A school based health screening and HIV testing campaign will give learners a chance to engage with counsellors and health workers, whether they choose to test for HIV or not. For many, this will be their first open conversation with an adult about sexual health and lifestyle choices. Broadening the school based HCT campaign from an exclusively HIV screening focus to an integrated health programme, as proposed by the departments of health and education, will help to make HIV testing routine amongst our teens.  The pre- and post-test counselling experience will provide learners with the opportunity to ask direct questions and reflect on their own lifestyle and behavioural choices.

Furthermore, learners shared that their most trusted and valued source of information was their parents or caregivers. Yet their parents were unwilling and uncomfortable discussing sexual health matters or HIV with their children. The majority of parents believed that their role would be fulfilled once the “birds and bees” had been discussed once, whereas their teens craved regular conversations starting at a much younger age. Parents were however accused by their kids of being relatively uninformed about HIV and its effects. “They only know to tell us to use condoms to prevent HIV and that’s it. It would be nice to have parents who are informed about HIV. And if we could do something to inform our parents”- male Grade 12 learner. Although talking about sex to their parents would initially be awkward, learners yearned to do so and wanted to find a way to make the conversation easier for their parents.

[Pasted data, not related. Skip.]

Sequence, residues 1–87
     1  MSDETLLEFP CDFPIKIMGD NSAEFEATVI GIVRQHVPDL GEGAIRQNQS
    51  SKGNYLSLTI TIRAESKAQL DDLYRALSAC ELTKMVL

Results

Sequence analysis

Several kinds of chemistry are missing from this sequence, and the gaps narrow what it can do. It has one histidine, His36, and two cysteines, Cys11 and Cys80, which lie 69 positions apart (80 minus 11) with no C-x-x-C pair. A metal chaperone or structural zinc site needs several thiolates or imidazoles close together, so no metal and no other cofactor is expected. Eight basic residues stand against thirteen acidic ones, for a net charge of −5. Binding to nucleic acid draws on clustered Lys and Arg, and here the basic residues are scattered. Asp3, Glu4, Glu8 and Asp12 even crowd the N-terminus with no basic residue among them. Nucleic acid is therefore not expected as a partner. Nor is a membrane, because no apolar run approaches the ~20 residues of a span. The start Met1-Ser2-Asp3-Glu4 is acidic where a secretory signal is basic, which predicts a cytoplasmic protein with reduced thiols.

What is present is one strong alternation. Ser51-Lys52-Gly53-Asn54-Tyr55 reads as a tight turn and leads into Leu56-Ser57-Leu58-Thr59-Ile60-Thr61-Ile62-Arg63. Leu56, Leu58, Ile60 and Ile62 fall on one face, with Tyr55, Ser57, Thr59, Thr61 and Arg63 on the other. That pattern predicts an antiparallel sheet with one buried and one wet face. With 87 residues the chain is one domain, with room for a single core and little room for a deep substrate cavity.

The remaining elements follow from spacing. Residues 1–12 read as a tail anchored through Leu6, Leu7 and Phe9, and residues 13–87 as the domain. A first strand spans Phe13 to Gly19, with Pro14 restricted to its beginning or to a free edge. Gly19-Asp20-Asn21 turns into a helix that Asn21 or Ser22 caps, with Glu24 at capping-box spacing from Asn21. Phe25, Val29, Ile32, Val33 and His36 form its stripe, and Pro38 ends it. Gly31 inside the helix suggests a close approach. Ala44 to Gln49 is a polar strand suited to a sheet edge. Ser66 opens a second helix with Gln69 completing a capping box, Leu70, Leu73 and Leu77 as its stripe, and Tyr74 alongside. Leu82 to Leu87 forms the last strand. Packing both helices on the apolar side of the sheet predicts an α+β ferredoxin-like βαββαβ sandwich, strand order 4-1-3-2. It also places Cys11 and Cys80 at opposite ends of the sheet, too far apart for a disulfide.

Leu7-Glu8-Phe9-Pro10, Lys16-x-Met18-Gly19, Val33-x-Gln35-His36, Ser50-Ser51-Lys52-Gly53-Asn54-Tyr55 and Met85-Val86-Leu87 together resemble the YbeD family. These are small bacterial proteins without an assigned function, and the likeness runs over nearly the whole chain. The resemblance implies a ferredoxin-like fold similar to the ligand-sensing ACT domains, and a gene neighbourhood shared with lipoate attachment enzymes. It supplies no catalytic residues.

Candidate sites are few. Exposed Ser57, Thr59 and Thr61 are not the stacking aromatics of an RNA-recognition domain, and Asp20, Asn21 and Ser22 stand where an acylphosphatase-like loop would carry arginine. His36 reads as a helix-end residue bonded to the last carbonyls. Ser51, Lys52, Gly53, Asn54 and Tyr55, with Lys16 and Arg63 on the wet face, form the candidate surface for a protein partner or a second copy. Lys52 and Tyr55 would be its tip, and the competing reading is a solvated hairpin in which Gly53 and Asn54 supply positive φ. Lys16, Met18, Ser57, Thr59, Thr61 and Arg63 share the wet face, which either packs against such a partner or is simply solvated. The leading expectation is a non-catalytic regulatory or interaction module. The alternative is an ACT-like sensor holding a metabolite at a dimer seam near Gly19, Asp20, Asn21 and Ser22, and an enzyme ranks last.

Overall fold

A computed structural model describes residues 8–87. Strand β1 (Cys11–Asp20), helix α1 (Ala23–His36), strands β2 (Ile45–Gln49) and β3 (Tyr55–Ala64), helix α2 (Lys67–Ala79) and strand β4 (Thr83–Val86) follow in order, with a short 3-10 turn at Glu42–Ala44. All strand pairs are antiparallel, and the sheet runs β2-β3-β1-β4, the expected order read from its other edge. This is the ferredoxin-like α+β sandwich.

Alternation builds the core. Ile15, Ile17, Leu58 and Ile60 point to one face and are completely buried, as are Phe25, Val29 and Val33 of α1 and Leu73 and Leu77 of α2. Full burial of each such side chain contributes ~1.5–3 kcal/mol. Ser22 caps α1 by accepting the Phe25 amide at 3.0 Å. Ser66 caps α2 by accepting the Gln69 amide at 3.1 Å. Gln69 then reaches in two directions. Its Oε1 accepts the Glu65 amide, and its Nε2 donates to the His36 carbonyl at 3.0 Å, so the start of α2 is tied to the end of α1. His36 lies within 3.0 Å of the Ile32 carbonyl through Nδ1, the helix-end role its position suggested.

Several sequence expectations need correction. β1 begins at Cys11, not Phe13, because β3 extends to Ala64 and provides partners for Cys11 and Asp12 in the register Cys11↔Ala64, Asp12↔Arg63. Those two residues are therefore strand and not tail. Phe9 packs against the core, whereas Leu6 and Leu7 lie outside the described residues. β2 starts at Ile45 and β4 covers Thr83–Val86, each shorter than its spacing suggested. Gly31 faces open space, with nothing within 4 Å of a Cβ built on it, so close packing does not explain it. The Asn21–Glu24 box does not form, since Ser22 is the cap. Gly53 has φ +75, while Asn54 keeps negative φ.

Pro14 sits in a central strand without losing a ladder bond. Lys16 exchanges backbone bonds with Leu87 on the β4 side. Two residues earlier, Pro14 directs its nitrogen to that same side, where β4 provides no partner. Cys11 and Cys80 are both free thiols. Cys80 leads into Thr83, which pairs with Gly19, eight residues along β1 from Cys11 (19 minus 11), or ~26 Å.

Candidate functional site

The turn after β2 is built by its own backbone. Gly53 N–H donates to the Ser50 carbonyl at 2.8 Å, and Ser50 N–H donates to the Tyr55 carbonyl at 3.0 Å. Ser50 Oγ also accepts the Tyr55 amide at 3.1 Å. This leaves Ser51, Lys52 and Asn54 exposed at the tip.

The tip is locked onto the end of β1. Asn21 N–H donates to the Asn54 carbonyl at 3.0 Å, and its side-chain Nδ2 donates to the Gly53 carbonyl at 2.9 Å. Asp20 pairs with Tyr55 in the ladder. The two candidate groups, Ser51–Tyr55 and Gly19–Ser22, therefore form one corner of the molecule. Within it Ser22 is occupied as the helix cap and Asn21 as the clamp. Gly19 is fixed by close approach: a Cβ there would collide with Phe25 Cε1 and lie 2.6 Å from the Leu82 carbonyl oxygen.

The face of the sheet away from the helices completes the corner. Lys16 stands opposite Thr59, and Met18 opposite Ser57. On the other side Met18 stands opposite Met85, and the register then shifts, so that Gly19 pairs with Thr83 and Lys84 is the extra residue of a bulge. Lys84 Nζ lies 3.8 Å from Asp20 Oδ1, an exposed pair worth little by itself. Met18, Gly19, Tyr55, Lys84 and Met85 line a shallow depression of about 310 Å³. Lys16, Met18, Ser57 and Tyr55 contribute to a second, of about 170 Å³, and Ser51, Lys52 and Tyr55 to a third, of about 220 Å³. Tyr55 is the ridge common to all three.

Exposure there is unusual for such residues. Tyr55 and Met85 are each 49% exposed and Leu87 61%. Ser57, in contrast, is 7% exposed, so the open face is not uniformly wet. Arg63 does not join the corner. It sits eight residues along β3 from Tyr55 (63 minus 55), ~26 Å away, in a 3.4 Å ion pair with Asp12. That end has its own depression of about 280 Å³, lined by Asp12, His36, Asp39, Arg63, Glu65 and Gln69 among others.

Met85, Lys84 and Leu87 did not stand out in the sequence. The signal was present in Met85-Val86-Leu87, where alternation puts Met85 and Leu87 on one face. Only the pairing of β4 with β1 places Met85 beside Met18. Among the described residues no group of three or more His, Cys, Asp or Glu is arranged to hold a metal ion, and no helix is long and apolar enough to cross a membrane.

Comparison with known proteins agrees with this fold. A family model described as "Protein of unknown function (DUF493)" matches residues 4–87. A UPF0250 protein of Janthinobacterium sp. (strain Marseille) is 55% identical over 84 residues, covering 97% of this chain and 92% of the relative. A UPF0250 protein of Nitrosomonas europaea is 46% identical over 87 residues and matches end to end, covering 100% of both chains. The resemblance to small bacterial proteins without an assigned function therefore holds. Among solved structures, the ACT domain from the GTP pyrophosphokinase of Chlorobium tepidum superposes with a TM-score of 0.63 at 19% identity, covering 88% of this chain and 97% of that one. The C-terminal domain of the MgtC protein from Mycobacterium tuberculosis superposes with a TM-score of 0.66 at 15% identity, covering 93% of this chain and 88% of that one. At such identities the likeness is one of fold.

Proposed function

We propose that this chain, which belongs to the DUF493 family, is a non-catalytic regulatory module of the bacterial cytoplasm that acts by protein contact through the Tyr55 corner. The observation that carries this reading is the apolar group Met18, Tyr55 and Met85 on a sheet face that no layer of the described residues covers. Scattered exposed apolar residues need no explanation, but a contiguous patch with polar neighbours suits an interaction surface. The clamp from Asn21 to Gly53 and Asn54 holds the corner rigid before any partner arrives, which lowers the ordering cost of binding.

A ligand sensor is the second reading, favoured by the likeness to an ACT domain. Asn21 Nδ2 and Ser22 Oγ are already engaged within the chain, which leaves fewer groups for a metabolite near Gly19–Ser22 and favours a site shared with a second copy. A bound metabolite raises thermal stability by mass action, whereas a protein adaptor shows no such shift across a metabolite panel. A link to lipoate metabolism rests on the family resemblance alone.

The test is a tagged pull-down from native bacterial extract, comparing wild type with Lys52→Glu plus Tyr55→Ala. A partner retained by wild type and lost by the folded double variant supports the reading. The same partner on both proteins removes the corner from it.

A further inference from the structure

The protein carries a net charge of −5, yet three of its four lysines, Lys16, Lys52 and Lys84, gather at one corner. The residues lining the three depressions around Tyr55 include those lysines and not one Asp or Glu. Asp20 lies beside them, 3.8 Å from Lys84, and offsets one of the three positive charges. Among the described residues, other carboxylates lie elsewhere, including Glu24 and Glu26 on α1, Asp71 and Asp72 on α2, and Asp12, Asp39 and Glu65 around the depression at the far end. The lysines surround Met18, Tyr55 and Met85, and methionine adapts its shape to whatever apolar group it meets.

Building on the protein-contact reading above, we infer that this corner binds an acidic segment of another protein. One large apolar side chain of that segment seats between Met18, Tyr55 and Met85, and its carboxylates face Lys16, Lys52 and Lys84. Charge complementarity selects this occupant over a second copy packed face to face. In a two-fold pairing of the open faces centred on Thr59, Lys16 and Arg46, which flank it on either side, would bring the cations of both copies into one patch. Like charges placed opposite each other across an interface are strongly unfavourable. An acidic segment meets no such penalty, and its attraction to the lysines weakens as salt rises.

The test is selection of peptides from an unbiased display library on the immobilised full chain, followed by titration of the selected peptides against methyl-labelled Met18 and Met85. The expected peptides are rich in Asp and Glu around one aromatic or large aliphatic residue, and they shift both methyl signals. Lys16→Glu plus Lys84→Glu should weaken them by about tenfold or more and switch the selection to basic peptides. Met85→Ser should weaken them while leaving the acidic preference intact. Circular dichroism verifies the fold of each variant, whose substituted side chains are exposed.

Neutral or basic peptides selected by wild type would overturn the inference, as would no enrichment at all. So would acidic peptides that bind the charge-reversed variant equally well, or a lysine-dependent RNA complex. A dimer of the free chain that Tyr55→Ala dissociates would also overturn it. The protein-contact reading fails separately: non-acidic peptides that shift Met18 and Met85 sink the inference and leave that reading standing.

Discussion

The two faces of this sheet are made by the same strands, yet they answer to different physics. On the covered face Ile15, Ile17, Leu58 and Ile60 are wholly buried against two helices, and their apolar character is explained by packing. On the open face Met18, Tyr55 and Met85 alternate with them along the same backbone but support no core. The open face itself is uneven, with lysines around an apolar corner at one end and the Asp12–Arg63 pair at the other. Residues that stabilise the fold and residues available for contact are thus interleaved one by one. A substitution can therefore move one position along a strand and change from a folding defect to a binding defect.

A school health and HIV screening campaign is an opportunity for parents to become better informed and thereby help to open the conversation between parents and their teens. Parents should be encouraged to accompany their children for health and HIV screening at the school, not only for their own wellbeing, but so that they can better understand the emotions and questions that their children will face during an HIV test and can better provide ongoing support and compassion post-testing.  

Grade 8 to 12 learners were born after the years when South Africa started responding to HIV and have grown up knowing about HIV and anti-retroviral treatment. This implying, that the messages to this group should be different to those of other generations.

School based HIV counselling and testing, integrated with a general health screening programme, is a chance for us to get HIV prevention right amongst our adults of the future. What is clear is that our teens have a lot of good advice to offer about how to improve HIV programmes that target youth. Involving them in the design of any school based health and HIV screening programme is critical to ensuring its success.

 Joanne Brink works for Foundation for Professional Development (FPD) -  The Foundation for Professional Development’s (FPD) vision is to build a better society through education and development, and the best place to start is with the foundation of society – our teachers – developing their ability to manage classrooms and inspiring them with the latest international teaching methodologies.